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  • Cindi Knapton

Katamari Damacy: Silly, Silly Physics!


The king plays guitar with the tiny prince on his knee

Psychedelic and absurdist, Katamari Damacy taught me that playing is way more fun than winning. Who cares if you can actually roll cows, cars, vending machines, and buildings into a 12-meter ball? It doesn’t matter. It’s a whole lotta fun trying.


The game is simple – pure physics. Roll a sticky ball until it collects enough items to enlarge its size to that level’s requirement. The first level is easy. You start with a 5cm sticky ball, and you need to roll up enough stuff to make it into a 10cm ball.

Look! I rolled up dice, tacks, legos, and caramel candy!

And the stuff you get to roll up is everyday items found in Japan. On that first level it’s mostly stationery items: dice, tacks, legos, and caramel candy. Picking up items from another country is so much more interesting than the stuff I should be cleaning up around my own house.


The challenge is that you can’t pick up anything that’s bigger than the size of your ball. As the bigger your ball grows, the bigger stuff you can pick up. You must strategically pick up small items to grow your ball to a size large enough to take on bigger items.


Picking up items from another culture is so much more interesting than the stuff I should be cleaning up around my own house.


The level challenges increase from tabletop items to food, furniture, construction equipment, and eventually entire cities. There’s nothing that you can’t pick up with your sticky ball!

I can roll up the world!

Throughout each level, animals such as mice, snails, cats, and dogs, roam the landscape bumping into you and your ball.

I caught some mice with my erasers and fireworks!

On contact, these animals squeal, and…. unless your ball is bigger than that animal and they stick to you, the impact knocks items off your ball. It’s bumper cars with animals!


It’s bumper cars with animals!


Analyzing the game frame by frame did make me aware of a questionable narrative element that I had previously ignored as a minor irritation. Here's the story: as the player avatar the prince, our father, the king, accidentally wiped all the stars from the sky.


The king demands that it’s your job to fix his problem and replace the stars. You do that by visiting Earth, rolling up enough items on your ball, and turning those items into stars.

I did good. Dad is happy with me! Yeah!

While you try to fix his problem, he's berating you -- your size, your skill at rolling the ball, and even the color of your body. When you achieve each level goal with the size of your katamari, the king transmutes your ball into a replacement star or even an entire constellation. If you don’t achieve the level goal, the king creates a thunderstorm and verbally abuses you.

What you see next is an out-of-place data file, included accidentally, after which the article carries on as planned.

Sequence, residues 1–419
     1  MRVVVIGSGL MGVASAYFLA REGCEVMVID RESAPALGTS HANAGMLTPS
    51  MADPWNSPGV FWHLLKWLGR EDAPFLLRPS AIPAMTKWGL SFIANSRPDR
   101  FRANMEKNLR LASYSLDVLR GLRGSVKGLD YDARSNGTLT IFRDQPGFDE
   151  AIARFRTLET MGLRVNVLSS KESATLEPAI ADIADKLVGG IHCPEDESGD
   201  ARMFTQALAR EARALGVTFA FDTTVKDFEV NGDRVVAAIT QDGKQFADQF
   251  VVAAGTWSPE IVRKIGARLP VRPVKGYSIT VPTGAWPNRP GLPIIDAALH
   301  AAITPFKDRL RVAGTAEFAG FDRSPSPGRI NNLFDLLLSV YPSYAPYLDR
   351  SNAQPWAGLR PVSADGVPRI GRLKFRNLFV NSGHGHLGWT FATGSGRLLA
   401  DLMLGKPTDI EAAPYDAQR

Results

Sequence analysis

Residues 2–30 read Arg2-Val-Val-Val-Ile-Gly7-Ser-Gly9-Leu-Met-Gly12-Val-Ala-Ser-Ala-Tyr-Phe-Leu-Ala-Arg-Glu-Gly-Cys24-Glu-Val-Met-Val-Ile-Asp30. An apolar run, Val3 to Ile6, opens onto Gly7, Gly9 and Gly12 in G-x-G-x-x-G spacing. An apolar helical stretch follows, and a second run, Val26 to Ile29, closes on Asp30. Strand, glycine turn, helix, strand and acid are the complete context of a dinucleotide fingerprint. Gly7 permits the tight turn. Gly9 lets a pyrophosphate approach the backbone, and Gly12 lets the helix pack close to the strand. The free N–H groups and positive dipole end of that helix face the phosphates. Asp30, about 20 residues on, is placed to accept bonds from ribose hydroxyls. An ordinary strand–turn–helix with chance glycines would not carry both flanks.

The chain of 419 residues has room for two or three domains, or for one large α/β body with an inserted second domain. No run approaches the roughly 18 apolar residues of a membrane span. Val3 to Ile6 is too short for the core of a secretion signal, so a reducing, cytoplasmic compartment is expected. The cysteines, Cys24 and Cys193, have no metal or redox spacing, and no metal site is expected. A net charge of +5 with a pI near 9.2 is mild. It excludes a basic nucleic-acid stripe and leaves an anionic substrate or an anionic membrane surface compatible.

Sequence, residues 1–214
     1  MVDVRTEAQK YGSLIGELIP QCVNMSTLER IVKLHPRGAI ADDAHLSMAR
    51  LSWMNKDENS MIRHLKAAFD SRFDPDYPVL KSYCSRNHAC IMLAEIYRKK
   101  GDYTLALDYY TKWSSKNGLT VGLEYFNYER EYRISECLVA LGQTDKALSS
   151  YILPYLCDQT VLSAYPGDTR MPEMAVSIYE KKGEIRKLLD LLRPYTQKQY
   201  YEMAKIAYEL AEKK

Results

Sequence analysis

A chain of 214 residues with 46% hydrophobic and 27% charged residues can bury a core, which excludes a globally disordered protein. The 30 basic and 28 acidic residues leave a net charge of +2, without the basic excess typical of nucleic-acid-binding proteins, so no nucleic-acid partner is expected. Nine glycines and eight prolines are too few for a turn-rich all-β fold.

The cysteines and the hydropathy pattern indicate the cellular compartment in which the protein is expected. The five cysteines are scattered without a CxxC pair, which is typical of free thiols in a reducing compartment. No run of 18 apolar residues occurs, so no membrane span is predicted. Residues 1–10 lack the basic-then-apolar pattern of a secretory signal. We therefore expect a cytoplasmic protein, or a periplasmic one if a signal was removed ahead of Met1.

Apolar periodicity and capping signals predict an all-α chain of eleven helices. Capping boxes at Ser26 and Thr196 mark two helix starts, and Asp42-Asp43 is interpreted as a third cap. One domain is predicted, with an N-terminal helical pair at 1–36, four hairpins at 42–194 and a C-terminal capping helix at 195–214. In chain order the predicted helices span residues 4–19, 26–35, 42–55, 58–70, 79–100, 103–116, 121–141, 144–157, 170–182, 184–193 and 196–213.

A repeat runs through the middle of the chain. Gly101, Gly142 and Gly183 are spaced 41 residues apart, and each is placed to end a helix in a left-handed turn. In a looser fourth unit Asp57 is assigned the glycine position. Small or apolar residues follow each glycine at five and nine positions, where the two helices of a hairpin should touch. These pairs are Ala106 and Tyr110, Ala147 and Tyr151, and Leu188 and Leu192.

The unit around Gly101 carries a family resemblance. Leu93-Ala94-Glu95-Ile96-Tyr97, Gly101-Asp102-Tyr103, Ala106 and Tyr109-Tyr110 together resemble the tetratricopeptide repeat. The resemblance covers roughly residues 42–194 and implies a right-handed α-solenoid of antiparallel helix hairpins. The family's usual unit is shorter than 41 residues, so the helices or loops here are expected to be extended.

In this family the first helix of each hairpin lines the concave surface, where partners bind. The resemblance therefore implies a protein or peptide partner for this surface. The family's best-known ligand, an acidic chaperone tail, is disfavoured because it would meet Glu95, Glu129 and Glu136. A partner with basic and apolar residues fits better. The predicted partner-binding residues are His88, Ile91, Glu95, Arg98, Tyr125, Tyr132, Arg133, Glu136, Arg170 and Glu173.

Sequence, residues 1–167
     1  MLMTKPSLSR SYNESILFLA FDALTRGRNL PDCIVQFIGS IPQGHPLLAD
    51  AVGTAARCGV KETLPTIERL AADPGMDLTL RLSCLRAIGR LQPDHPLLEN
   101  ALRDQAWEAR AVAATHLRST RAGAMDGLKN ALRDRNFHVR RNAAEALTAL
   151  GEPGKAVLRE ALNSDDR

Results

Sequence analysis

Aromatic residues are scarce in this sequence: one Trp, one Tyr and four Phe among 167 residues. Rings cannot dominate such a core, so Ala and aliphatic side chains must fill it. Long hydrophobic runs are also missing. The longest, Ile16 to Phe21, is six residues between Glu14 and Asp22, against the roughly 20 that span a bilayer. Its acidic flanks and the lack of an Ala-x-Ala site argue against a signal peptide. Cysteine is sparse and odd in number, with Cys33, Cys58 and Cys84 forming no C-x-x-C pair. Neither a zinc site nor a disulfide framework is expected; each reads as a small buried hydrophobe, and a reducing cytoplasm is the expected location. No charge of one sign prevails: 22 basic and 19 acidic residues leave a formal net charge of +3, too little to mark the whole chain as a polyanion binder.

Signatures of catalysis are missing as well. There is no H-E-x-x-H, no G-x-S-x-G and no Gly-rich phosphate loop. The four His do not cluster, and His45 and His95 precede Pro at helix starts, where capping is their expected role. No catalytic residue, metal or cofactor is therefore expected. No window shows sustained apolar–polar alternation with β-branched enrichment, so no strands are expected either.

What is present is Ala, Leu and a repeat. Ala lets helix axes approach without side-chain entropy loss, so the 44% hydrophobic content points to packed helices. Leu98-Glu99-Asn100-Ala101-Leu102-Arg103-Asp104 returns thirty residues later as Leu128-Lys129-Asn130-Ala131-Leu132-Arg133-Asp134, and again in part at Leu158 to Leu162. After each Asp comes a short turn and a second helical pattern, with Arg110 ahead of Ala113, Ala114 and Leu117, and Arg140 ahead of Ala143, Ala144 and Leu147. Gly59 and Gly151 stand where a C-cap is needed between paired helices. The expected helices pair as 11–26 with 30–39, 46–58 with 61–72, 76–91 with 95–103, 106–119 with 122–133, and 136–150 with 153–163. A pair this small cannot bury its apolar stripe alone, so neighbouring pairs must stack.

I failed. Dad is disappointed in me!

As a seasoned player, you know that you can click/skip through the king's negging and get back to your own planet.


From your planet, you can choose to go back to Earth and try again to make a star, or you can visit your cousins on Space Mushroom--which seems to be just a trippy hang-out space.

And now a word about the absurdist rewards for achieving your level goals….


When you make a new star, you earn a cinematic about a family. This family is drawn in an entirely different block-y style and appears to be living in an alternate universe from the prince and the king. I love this family! I love getting short films of their daily life.

Mom and kids watch robots on TV.

The mom and kids eventually drive to visit the dad’s workplace at the space launch facility. So, both family drama storylines share a strange relationship with the father figure and space.


When you make a new constellation, you earn an animation creating the constellation in the sky. Curious and quirky, and I love it!

So yummy... What the heck is she talking about?

These rewards are fun, but uniquely for me, the rewards in Katamari Damacy don’t drive my game play. I’ve previously mentioned that in most games, I am all about the badges and trophies. But with this game, I don’t care about winning. I enjoy watching these scenes when then happen. They are a silly surprise. But they aren’t the motivation.


With Katamari Damacy, the play is enough. It’s silly enough that I am a free-roaming child running around a crazy playground filled with playthings to rollover, I don’t need any rewards.

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